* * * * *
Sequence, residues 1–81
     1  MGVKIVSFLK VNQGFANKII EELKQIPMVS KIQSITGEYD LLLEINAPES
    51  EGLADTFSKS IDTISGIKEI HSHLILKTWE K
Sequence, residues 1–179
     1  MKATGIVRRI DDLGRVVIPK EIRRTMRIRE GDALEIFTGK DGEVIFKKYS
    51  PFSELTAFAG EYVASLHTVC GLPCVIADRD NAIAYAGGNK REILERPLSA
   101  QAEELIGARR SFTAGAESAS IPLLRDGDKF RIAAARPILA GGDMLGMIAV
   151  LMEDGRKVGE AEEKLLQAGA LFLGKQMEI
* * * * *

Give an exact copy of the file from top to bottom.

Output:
Sequence, residues 1–81
     1  MGVKIVSFLK VNQGFANKII EELKQIPMVS KIQSITGEYD LLLEINAPES
    51  EGLADTFSKS IDTISGIKEI HSHLILKTWE K
Sequence, residues 1–179
     1  MKATGIVRRI DDLGRVVIPK EIRRTMRIRE GDALEIFTGK DGEVIFKKYS
    51  PFSELTAFAG EYVASLHTVC GLPCVIADRD NAIAYAGGNK REILERPLSA
   101  QAEELIGARR SFTAGAESAS IPLLRDGDKF RIAAARPILA GGDMLGMIAV
   151  LMEDGRKVGE AEEKLLQAGA LFLGKQMEI